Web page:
Ken Webb 2010-04-12T14:35:43Z
Garbage collection in Java, and in other garbage-collected languages, relies on the fact that all objects in an application are connected into a single network of linked nodes. In the wikipedia article, for tracing garbage collectors (the most common type of garbage collector), this is expressed in terms of reachability. Any object can be garbage collected if it is not reachable from a core set of root objects currently on the program stack. Reachability just means that there is a path from a root object on the stack to some other object in the application. The combination of all such paths is a network.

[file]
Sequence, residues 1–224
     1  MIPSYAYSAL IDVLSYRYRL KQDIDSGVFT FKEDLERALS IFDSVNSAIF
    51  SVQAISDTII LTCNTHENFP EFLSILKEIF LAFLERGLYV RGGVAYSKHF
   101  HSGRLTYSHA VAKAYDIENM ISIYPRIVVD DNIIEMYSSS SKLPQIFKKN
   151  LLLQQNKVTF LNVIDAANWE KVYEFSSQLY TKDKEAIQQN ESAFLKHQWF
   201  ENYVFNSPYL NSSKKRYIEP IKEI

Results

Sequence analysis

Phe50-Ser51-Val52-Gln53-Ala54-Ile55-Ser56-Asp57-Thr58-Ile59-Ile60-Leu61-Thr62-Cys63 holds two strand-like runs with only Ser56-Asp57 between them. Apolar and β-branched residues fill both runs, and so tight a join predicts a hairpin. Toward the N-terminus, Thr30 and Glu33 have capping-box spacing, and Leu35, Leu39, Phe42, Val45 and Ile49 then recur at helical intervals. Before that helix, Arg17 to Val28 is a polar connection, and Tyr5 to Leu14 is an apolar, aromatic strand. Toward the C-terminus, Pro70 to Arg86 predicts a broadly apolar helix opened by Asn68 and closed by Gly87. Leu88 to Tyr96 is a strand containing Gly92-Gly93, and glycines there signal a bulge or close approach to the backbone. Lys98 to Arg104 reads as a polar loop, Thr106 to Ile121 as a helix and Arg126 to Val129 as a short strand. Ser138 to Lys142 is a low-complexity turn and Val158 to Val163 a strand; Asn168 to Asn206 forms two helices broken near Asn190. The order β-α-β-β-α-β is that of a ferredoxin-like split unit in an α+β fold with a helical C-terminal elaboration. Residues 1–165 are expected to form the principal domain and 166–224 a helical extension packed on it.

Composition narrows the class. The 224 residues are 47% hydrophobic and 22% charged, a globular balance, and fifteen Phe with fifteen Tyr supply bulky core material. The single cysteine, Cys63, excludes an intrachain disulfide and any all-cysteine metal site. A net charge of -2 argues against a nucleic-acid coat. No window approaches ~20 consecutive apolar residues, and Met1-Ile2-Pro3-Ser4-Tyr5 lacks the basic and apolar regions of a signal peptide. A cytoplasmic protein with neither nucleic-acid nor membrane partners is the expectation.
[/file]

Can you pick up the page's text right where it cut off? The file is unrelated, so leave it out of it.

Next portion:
This is evidence that the Xholon proposition is true. The Xholon proposition states that "all software has some sort of basic structure, whether intended or accidental. This structure is best described as a system of linked nodes".
The garbage collection article states that there are multiple roots, but that they all are located on the stack. The stack can be considered as the ultimate root, the single starting point from which all objects are reachable. However, if a Java application has multiple threads, then each thread will have its own stack. The Xholon proposition implies that somewhere there is a single starting point from which all objects are reachable. Perhaps that single point is the garbage collector, or it may be a memory manager.
The Xholon proposition also states that nodes in the network "are organized hierarchically". When looked at from the perspective of memory management and garbage collection, the single root of this tree might be the overall memory system for the Java Virtual Machine.
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